Suppose max(a, b, c) = M > 1. The following differences are all <= M, so moving forward one or two places in the sequence if necessary, we can assume that a = M. Thus the differences are M, b, c, d, e, f, g, ... . We claim that max(e, f, g) < M unless b and c are both 0 or M. If not, then max(b, c, d) = max(c, d, e) = max(d, e, f) = max(e, f, g) = M (because once the max dips down it can never get back up). But d = |M - c| = M - c. So at least one of b, c, M-c must be M.
Suppose b = M. Then e = |M - c - M| = c. But max(c, d, e) = max(c, M-c, c) = M, so c = 0 or M. Thus both b and c are 0 or M. Contradiction.
Suppose c = M. Then d = 0, e = |0 - b| = b, f = |b - M| = M - b, so max(d, e, f) = max(b, M-b) = M, so b = 0 or M. Thus both b and c are 0 or M. Contradiction.
Finally, suppose c = 0. Then d = M, e = M-b, f = M-b, g = b, so max(e, f, g) = max(M-b, b) = M, so b = 0 or M. Contradiction.
Now suppose three successive differences are all 0 or M. Then two successive terms (not differences) are 0, M or 2M. Working backwards we find that all terms must be multiples of M:
...  A   B   C
... z   a   b 
a and b are multiples of M, so C = a+b must be a multiple of M. But B = C±b, so B must be a multiple of M. But B = a+z, so z must be a multiple of M. Also A = B±a, so A must be a multiple of M, and so on. However, for the particular values we have been given, the greatest common divisor of the first two terms is 1, so M must be 1. Contradiction.
Thus we have established that if three successive differences have maximum M > 1, then we can find three successive terms starting at most 6 places further on which have a strictly smaller maximum. Continuing in this way, we find that the three successive differences starting at most 6M places further on have maximum 1 or less. In other words every difference is 0 or 1 once one gets sufficiently far. Hence all terms an with n > 6M are 0, 1 or 2. Since N = 1414 is obviously much larger than M for the first few differences, we conclude that aN = 0, 1 or 2.
We now work mod 2. Note that a1, a2, a3 = 1, 0, 1 mod 2. We can now calculate successively:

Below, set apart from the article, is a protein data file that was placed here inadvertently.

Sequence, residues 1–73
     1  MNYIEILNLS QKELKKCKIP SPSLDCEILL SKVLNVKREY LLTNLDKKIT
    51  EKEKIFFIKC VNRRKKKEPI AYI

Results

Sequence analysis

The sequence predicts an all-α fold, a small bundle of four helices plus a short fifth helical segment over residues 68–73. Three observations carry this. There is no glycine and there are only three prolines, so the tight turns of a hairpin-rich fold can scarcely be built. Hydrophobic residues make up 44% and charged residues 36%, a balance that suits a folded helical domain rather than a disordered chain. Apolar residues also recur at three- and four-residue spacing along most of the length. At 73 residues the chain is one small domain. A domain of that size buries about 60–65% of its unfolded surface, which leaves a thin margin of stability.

n 1  2  3  4  5  6  7     8  9 10
an 1  0  1  0  0  1  1     1  0  1
Since a8, a9, a10 are the same as a1,, a2, a3 the sequence must be periodic with period 7. But N = 1414 = 0 mod 7, so aN = a7 = 1 mod 2. Hence aN = 1.

Problem N4
Let p > 3 be a prime. Show that there is a positive integer n < p-1 such that np-1 - 1 and (n+1)p-1 - 1 are not divisible by p2.
 
Solution
By the binomial theorem we have (p - a)p-1 - ap-1 = (p-1) p ap-1 mod p2. For 0 < a < p, (p-1) p a = p mod p2, so (p - a)p-1 and ap-1 are unequal mod p2. Hence at most one of them is 0 mod p2. In particular, since 12 = 1 mod p2, we must have (p-1)p-1 ≠ 1 mod p2. Also, at least (p-3)/2 of 2, 3, ... , p-2 must have p-1th powers ≠ 1 mod p2. So either one of the pairs (2, 3), (4, 5), ... , (p-3, p-2) has both members with p-1th powers ≠ 1 mod p2, in which case we are done, or exactly one member of each pair has p-1th power ≠ 1 mod p2.
Now if p-2 has p-1th power ≠ 1 mod p2 then we are done (because of p-1). If not, then p-3 has p-1th power ≠ 1 mod p2. Now suppose (p-4)p-1 = 1 mod p2. Then (expanding) 1 = 4p-1 - (p-1)p 4p-2 = 4p-1 + p 4p-2 mod p2 (*). But (p-2)p-1 = 1 mod p2, so (expanding) 1 = 2p-1 + p 2p-2 mod p2. Squaring, 1 = 4p-1 + p 4p-1 mod p2. Subtracting from (*), 0 = p(4p-1 - 4p-2) = 3 p 4p-2 mod p2, but that is clearly false. So we must have (p-4)p-1 ≠ 1 mod p2 and we are home (with p-4 and p-3). 

Comment. This is a weak result. There are relatively few a for which ap-1 = 1 mod p2.

Problem N6
Do there exist 100 positive integers not exceeding 25000 such that the sum of every pair is distinct?
 
Solution
Answer: yes.
We show how to find p integers <= 2p2 for any prime p. Since 2.1012 < 25000, that is sufficient.
Let n denote the residue of n2 mod p. We claim that the integers 2p + 1, 4p + 2, 6p + 3, ... , 2p p + p work. If (2ap + a) + (2bp + b) = (2cp + c) + (2dp + d), then 2(a + b)p + (a + b) = 2(c + d)p + (c + d) and hence a + b = c + d and a + b = c + d (since n < p). Hence a + b = c + d mod p and a2 + b2 = c2 + d2 mod p. So a = c + d - b mod p. Substituting in the next equation, (c + d - b)2 + b2 = c2 + d2 mod p, so 2(b2 - bc - bd - cd) = 0 mod p, or 2(b - c)(b - d) = 0 mod p. Hence b = c or d. So the sum of every pair is distinct.